Are you using a Kindle or other e-reader to replace your paperback guidebook?  Do you like it?  What do you like?  What is not so great? 


I love marking up my guidebooks and putting little post it flags on pages of interest.  On the other hand I carried 4 guidebooks from home in my backpack for a 7 month trip which wasn't so cool.  The kindle sure is lighter, but I'm loath to leave behind my beloved guidebooks. 


Tell me what you like/don't like about using your e-reader for guidebooks.

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Melissa, I don't own a Kindle, but I did download an e-book onto my iPhone for a trip to Guatemala last year. Yes, marking up a book and using post-its is great, but the convenience of having that guidebook in my pocket, not to mention being able to search the text for any term I needed, is superior in my view. That last one is especially useful if you're looking for information in a hurry.


Personally, I don't see any downside to using apps or ebooks to replace paper travel guides. And I'll add that I'll take my iPhone over the Kindle any day, as it's smaller and by combining everything onto one device, it's one less gadget to lug around on a trip (and possibly lose).


Hope this helps.

I borrowed a friend's Kindle for a recent trip.  It's perfect for traveling.  Though I still prefer diving into a book when I'm at home, the Kindle has many things going for it.  I enjoyed reading several books while I was away and didn't have to heave them from place to place.  I think I read quicker on the Kindle without the added distraction of words on side-by-side pages and I would say it's perfect for carrying lots of reference material...good guide books can be very heavy.  You can highlight and save sections of special interest  too. 



The downside to Kindles and iPads is that people read less efficiently on them. I understand reading speed is about 15% slower; moreover, readers are more prone to be distracted. But Jose's argument about searching hits home. You don't read a guidebook the way you read a Grisham novel -- page to page, cover to cover -- so I use guidebooks on e-readers.

Jose goes one better than me, though: He says he downloaded an e-book, not just an app, on his iPhone. That strikes me as too much information on too small a screen, but I'm curious about what other people might think.  

While being able to carry multiple books in a compact way is a great benefit, I find that it´s frustrating to not be able to quickly flip between pages or look at multiple pages at once. I constantly have to return to the menu to find what I need... That´s just me though, luddite that I am.


If you only need one book, I say take the paper. If you need more than one, go for the Kindle!



I have purchased several Lonely Planet and Rough Guide guide ebooks through Kindle for my IPad. The BIGGEST problem I have found is that the maps are low resolution. In physical guide books, the print in city maps is tiny but legible. However, when you zoom into these maps on the IPad, the text is blurry and illegible. Very simple maps with large print are legible, but the detailed city maps are useless. You can't read the street names or numbers that the legend refers to!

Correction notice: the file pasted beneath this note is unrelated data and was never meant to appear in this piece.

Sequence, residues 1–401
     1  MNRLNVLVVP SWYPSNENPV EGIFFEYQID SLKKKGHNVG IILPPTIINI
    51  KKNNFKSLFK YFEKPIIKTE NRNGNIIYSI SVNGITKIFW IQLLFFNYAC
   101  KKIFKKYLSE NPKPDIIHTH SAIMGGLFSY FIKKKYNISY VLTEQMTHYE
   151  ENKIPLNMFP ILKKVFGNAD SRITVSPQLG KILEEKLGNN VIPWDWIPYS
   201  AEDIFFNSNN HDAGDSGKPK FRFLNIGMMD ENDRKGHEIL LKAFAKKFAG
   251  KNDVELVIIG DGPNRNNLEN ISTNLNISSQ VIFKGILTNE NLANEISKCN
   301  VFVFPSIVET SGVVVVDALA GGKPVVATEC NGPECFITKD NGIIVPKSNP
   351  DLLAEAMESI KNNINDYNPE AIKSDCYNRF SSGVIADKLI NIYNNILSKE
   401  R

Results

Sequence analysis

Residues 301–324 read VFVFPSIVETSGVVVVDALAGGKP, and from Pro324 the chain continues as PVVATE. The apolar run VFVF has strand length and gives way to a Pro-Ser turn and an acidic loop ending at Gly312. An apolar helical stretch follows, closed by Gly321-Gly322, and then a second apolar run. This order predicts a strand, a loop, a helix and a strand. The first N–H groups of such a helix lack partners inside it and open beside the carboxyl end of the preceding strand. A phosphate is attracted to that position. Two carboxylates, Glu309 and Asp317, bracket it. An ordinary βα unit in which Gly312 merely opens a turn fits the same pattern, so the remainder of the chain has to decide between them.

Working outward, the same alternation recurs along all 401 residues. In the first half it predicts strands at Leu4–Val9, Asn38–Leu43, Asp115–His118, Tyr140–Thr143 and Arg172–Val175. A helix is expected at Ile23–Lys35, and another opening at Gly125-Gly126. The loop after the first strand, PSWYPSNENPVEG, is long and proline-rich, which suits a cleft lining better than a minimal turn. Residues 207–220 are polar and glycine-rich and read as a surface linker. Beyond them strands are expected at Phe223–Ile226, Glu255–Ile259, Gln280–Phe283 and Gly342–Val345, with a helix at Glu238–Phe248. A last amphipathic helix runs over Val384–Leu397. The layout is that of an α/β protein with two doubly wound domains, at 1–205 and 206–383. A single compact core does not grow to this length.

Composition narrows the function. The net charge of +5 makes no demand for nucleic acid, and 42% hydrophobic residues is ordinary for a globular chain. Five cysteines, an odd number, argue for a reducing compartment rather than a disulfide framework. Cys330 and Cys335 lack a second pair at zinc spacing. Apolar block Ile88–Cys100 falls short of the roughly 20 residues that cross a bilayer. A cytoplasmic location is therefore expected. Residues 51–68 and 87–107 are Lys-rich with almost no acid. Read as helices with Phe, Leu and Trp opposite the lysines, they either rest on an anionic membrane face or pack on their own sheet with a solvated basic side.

Lonely Planet does have a "Discover" series for IBooks for a few titles. I have downloaded samples. The maps seem to be higher resolution and there are lots of luscious photos. I think that these Discover ebooks are much less thorough than LP's regular guidebooks, however.


With either the regular guide ebooks or with the Discover guide ebooks, one nice thing is that links are "live". If you click on a hotel's link, the IPad will go directly to the hotel's website (assuming you are connected to the internet). Other links take you to other places in the ebook. For example, if you click on the word "map" next to a placename, it will take you to the map of that place. If only you could then read it!


As for navigating through the guide book, there are pluses and minuses. I never have as strong a sense where I am in the book, but I can highlight things and place "bookmarks". I also can search on a term and find all pages that reference it.


Last year, to get around the problem of the low resolution city maps, I actually bought a few Lonely Planet chapters in PDF format and loaded them on my IPad. In the PDF chapters, the maps are in high enough resolution to read.


I expect that the problems I have with the maps would occur with any e-reader. The problem is not with the IPad but with the resolution these maps have in the ebook.

I almost missed Kathy's comments from two weeks ago. Smart observations, and the PDF solution is inspired.

I am going to Europe in a month again and I have loaded several guide books on my IPad. But I also have two printed physical guide books that are good references when we are out on the streets, riding public transport and want to learn about the things we see. I don't like pulling out an expensive IPad in public places where I could be pickpocketed. Plus the IPad is almost impossible to read in bright sunlight. Ereaders like Nook and Kindle are much better in bright sunlight and perhaps aren't as attractive to thieves.

One more comment though on my IPad: I have the 3G model with the built-in GPS. Even without wifi or any cell phone connection if you have downloaded Europe maps in advance, the IPad serves as a GPS. My friends don't even realize how much trouble I saved them last year with my ability to navigate in and out of French towns while we had a rental car! (Of course if you are doing lots of driving in Europe, you would be much better off with a regular GPS.)


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